Sociological framework

Science and technology studies demonstrate that ‘scientific knowledge is not the passive product of nature but an actively negotiated, social product of human inquiry’ (Cozzens and Woodhouse 1995:534) and that technology is ‘a social product, patterned by the conditions of its creation and use’ (Williams and Edge 1996:866). There are three concepts in science and technology studies that help understand the process of DSS development and/or application, they are Interpretative flexibility, Technological frames and Boundary objects (illustrated in Figure 1):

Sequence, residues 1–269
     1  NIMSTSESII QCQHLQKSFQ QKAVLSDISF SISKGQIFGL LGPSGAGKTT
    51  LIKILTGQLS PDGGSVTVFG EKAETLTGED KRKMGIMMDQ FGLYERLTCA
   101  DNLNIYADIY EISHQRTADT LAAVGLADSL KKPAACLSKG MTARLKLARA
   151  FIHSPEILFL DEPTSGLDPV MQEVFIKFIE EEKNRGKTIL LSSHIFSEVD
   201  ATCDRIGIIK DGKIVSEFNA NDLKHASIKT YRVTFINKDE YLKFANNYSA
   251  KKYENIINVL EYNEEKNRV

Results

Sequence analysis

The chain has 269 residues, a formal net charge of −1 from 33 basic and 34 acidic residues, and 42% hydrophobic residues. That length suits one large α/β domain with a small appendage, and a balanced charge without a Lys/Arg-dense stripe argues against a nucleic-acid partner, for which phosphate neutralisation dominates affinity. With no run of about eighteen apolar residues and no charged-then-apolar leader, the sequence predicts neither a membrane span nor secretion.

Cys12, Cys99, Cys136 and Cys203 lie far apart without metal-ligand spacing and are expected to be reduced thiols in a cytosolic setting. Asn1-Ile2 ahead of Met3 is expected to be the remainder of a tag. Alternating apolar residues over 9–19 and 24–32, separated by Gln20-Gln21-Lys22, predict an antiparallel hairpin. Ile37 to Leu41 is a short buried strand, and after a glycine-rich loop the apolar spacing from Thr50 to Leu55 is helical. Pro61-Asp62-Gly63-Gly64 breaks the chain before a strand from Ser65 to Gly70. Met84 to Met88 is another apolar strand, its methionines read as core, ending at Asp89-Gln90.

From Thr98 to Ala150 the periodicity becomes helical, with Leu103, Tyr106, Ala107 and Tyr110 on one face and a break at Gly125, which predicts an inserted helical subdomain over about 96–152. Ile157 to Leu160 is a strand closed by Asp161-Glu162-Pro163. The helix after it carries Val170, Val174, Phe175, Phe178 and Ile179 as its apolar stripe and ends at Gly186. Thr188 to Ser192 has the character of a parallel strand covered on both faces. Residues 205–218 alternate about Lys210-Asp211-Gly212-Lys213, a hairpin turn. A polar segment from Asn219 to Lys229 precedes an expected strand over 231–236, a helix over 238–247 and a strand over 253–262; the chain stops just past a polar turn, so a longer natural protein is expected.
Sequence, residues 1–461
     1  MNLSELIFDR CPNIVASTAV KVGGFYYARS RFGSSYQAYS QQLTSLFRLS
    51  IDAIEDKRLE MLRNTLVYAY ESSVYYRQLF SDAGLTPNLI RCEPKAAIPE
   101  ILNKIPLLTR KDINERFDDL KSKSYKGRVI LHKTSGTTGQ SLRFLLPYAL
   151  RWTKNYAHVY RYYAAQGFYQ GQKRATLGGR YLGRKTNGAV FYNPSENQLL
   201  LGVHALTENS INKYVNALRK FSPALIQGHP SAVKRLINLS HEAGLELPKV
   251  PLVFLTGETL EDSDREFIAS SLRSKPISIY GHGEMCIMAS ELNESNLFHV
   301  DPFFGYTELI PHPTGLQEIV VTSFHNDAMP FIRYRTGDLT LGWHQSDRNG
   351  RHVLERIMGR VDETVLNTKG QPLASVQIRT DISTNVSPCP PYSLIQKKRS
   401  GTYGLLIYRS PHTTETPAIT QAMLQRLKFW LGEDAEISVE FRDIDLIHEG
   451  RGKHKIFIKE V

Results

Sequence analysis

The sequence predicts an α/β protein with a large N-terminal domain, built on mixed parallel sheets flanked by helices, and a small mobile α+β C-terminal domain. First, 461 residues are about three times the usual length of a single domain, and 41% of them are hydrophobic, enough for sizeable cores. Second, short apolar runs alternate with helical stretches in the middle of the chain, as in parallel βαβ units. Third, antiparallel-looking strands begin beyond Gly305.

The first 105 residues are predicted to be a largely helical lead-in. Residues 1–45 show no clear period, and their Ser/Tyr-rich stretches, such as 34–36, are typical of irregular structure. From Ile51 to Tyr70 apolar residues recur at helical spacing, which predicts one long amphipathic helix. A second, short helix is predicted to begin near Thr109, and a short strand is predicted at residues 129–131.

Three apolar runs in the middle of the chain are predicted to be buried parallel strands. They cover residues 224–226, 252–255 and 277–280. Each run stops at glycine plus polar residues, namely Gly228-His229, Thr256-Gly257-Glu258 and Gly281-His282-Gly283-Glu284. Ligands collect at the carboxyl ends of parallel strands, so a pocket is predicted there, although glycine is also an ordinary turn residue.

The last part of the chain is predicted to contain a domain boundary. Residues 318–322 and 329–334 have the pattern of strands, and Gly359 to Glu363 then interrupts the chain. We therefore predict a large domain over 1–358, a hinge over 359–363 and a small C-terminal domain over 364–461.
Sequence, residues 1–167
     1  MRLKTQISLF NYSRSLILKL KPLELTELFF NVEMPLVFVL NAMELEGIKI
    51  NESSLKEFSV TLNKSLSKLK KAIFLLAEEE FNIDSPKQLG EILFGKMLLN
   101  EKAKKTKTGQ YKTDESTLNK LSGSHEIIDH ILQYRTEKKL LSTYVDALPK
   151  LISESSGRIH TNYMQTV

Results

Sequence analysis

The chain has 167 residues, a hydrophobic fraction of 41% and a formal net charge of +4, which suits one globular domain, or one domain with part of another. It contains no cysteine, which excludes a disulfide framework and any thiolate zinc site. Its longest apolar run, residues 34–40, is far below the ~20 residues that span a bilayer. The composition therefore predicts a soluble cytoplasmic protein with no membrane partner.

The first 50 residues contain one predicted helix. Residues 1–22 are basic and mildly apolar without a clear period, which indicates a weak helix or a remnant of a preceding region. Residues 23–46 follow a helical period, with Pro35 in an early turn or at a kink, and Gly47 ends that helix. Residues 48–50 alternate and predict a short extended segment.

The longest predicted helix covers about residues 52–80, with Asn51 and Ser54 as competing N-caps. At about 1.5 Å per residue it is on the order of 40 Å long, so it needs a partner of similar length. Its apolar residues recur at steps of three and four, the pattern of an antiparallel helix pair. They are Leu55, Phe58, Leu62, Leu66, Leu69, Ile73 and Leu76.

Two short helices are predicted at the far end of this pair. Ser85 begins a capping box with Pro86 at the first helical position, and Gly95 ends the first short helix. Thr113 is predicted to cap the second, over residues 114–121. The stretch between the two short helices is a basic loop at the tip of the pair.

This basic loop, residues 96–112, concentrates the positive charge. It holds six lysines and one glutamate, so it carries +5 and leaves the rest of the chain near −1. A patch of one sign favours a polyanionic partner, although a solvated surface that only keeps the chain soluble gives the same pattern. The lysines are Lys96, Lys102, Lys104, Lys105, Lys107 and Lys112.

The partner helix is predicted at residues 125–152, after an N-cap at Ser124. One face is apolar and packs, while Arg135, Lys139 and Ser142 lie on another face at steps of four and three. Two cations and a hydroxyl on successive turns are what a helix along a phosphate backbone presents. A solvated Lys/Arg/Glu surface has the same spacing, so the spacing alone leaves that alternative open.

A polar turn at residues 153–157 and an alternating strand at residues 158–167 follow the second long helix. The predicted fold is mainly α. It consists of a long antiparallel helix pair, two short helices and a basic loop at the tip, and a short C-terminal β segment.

Interpretative flexibility means that any object can mean different things to different people, depending on the contextual factors (Hess 1997). When applied to DSSs, the concept of interpretative flexibility emphasises that a DSS will mean different things to the various people, e.g. farmers, extension officers, scientists, involved in its development and/or application, and these different views are equally valid.

Technological frames are the assumptions, beliefs and expectations that groups of people hold about a specific technology, which in turn influence the design and use of that technology. People can hold different frames about the real world, its representation through science, etc. When the frames of different people become similar they are termed as being congruent (Orlikowski and Gash 1994). Incongruent technological frames can lead to conflicts over the use and value of a technology and hence create difficulties for its application. It is hoped participatory processes result in increasingly congruent technological frames.